Booking a matinee for a prestigous London theatre production with a star cast is always a risk. There is the clear and present danger that one of the leading luvvies shirk the demands of doing two shows in a day. Precious pets. Matinees also of course provide the opportunity to blood an understudy for future eventualities. And so it predictably proved at the National Theatre in London last Saturday. Near the entrance to the stalls as we made for our seats was a discreet A4 notice informing us that Adrian Lester, playing Othello, was indisposed and that a Zackary Momoh would be his replacement. Now Zackary is a fine fellow no doubt but not the name that would have induced you three months earlier to book the play. When you decide to book the theatre, your decision is based on the play, the company, and the cast. Othello is essentially a two-hander so you look to the parts of Iago and Othello: Rory Kinnear as Iago and Adrian Lester as Othello, brilliant, I'm going.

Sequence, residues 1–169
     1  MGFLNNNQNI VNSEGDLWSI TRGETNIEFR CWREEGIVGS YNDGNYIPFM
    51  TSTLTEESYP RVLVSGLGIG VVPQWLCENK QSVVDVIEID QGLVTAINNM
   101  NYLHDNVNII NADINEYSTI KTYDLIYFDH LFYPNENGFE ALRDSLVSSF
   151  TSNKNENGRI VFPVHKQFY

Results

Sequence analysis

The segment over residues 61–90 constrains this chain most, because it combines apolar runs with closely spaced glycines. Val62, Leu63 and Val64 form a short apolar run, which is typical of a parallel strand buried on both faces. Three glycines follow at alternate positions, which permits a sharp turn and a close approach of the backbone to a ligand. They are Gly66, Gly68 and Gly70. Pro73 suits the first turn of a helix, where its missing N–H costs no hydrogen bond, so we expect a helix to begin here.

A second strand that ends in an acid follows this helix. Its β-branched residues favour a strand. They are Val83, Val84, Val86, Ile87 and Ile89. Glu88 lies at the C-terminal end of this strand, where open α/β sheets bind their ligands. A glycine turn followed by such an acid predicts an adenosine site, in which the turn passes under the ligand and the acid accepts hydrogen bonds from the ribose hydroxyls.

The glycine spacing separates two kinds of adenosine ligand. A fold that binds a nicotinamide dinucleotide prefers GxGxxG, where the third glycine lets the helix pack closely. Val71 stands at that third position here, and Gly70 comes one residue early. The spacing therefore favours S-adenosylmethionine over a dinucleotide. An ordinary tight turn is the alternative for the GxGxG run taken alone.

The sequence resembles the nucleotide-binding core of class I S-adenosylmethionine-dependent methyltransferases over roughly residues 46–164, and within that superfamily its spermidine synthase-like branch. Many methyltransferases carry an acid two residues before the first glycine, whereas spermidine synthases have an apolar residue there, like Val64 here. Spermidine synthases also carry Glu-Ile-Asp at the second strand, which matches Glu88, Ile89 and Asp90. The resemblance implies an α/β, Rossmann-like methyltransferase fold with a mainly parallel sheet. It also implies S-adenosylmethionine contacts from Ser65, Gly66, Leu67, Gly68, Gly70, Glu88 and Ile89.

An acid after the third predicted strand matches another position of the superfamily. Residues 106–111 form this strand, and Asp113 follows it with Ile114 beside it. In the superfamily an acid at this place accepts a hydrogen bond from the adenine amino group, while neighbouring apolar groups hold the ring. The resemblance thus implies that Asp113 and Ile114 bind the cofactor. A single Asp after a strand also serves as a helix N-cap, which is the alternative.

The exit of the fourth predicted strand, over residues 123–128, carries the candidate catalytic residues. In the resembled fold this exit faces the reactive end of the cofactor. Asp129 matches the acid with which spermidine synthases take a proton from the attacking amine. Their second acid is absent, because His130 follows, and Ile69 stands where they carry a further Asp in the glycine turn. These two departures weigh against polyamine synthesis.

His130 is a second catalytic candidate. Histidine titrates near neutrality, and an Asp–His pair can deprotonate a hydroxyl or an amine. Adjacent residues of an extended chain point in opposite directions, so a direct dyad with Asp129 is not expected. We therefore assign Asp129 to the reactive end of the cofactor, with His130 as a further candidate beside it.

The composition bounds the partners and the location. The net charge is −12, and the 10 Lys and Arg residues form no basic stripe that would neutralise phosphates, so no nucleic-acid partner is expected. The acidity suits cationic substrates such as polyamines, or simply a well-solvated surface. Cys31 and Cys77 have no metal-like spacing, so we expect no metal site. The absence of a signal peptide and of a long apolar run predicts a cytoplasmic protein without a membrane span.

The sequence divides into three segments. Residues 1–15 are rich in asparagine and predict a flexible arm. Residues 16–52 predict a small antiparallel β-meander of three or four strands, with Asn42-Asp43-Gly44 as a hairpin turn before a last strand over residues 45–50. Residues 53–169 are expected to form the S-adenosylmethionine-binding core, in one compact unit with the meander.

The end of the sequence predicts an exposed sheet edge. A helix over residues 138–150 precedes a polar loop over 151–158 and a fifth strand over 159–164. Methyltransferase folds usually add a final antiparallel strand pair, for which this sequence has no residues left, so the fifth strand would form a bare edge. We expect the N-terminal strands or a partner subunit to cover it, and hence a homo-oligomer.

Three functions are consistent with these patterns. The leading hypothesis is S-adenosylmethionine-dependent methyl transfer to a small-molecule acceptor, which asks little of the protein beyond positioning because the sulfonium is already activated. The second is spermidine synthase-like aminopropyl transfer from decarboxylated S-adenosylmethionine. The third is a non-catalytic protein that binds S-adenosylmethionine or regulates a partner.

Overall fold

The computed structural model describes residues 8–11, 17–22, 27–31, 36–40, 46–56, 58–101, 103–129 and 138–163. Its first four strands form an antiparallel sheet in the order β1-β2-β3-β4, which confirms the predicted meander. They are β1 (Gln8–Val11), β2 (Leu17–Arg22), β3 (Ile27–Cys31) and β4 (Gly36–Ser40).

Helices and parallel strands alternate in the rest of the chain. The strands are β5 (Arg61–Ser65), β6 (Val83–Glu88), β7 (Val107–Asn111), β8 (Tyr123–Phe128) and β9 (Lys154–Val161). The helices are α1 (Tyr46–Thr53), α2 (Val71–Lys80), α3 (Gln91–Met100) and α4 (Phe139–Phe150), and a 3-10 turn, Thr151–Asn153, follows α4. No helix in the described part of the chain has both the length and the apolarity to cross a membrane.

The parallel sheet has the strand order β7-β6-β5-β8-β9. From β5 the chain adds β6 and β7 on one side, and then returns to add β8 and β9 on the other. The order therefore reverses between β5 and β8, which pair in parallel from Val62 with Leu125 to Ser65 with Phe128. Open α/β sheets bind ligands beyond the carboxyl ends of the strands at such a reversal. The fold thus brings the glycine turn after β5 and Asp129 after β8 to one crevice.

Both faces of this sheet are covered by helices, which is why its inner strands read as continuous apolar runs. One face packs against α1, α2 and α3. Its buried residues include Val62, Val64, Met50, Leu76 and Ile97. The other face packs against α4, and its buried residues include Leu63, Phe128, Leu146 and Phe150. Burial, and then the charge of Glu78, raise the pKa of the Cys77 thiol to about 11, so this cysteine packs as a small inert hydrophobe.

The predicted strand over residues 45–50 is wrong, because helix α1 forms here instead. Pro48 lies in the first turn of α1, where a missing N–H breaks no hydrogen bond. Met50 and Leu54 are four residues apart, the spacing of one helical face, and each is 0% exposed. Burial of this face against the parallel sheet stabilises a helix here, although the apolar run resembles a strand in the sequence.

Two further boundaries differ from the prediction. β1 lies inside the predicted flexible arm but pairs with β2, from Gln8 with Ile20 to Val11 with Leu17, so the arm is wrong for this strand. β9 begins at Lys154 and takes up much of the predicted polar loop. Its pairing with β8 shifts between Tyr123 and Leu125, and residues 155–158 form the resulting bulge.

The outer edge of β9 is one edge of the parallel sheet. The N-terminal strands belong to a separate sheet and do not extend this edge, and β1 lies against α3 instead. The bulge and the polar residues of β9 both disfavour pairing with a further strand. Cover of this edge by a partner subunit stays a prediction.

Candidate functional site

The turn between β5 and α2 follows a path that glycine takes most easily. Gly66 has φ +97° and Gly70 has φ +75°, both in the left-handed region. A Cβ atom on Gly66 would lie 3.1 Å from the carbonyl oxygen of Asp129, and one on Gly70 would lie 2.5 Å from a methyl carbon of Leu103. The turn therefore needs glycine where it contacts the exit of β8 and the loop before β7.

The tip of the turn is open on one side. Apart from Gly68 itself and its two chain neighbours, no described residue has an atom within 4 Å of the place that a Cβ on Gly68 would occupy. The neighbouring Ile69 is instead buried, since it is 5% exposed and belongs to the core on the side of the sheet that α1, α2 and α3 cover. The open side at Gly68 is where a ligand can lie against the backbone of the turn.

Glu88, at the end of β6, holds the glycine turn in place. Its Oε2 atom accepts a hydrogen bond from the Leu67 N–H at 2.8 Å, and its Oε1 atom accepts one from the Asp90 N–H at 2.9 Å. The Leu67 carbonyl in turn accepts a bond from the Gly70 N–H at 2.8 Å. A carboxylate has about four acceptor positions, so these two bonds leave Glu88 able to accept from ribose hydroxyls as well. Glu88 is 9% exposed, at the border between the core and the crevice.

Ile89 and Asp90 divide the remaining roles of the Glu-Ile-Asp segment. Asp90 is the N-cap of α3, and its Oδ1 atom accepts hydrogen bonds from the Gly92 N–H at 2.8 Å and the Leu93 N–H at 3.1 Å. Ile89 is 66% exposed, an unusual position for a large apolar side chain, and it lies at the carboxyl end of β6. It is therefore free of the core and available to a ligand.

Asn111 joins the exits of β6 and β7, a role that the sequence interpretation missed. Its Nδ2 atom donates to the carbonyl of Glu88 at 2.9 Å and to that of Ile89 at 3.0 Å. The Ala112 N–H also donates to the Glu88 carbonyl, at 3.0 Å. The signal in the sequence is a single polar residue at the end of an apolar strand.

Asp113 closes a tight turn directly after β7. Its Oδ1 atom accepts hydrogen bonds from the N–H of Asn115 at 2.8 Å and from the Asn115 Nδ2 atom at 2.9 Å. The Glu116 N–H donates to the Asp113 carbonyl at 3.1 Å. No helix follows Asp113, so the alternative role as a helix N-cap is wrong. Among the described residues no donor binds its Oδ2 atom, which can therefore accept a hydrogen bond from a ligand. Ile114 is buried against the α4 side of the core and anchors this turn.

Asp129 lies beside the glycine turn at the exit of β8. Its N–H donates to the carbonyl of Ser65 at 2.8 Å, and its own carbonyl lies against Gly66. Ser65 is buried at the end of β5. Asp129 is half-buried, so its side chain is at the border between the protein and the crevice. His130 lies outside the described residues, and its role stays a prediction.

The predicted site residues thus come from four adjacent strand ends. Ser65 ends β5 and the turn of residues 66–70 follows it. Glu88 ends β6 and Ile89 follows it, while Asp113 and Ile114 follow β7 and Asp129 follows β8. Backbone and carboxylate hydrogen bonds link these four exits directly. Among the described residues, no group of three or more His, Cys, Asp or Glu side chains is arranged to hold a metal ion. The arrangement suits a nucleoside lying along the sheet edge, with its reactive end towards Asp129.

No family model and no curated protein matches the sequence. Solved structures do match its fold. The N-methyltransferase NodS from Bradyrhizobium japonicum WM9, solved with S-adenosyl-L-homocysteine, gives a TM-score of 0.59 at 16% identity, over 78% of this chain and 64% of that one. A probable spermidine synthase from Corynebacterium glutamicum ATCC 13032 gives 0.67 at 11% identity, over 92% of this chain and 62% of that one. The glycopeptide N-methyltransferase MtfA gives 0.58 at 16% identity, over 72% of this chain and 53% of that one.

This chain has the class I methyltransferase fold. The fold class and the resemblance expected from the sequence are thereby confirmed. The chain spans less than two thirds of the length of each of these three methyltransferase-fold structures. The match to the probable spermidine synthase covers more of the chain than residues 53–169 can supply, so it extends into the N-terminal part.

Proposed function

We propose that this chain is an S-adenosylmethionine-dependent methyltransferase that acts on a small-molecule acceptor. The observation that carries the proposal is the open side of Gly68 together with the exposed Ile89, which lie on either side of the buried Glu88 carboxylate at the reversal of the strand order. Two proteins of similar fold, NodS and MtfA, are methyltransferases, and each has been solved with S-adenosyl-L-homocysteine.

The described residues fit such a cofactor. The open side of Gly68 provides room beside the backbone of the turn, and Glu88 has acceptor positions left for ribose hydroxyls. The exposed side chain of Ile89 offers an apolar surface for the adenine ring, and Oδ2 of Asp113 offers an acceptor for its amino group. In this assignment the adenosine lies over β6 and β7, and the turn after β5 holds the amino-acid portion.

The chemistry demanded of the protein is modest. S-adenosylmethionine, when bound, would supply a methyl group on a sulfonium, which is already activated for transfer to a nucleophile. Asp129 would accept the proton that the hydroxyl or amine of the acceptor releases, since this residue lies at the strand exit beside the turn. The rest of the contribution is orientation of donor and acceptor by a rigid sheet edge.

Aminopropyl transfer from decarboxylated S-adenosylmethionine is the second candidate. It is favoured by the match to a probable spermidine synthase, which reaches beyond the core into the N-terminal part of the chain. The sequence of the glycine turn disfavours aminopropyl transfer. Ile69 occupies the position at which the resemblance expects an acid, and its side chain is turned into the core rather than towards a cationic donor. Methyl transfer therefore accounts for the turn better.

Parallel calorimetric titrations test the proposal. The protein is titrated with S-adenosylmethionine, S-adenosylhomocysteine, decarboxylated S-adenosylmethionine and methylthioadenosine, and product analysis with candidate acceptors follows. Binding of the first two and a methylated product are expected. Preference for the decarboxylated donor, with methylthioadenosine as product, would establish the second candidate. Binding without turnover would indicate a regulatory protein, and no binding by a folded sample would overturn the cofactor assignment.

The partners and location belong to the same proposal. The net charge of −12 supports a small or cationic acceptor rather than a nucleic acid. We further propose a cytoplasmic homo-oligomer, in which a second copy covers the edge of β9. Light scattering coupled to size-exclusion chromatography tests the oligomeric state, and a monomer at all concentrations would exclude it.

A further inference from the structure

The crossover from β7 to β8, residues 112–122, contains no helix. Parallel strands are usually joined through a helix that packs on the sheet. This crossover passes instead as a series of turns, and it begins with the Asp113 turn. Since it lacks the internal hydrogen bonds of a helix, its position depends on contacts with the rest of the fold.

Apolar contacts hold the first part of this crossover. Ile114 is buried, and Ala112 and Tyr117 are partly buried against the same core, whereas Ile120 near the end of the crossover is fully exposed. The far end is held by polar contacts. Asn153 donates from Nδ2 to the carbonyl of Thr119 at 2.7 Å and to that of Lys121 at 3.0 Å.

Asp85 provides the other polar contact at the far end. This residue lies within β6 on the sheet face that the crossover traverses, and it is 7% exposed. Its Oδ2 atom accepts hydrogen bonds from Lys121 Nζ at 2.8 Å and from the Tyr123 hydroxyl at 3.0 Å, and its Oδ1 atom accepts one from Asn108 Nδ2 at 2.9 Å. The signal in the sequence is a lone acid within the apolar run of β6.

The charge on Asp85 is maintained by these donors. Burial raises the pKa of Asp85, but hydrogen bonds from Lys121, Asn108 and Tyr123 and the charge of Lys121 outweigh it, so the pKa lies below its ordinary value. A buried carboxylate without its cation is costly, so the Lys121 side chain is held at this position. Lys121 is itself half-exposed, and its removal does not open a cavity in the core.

The play was still a delight - Shakespeare done to a turn. Iago is the engine that drives the action and Rory Kinnear, playing it as a chippy subaltern, was superb. It was staged in a 1950s style setting with the cast wearing Army style fatigues and acting very much like a bunch of British squaddies in Cyprus. The set design was a miracle of neat scene shifting - interlocking mini-stages rotating into the foreground. But. But. Momoh declaimed his lines readily enough - although muffling some including, unfortunately, my favourite one about the "base Indian" throwing away a pearl richer than all his tribe. However, he crucially lacked charisima. How could such a tame presence have won the love of Desdamona with his tales of derring-do and impressed his Venetian master?
Checking out Adrian Lester's Twitter feed later I noticed that he would be doing the evening performance. Nothing too serious then unfortunately.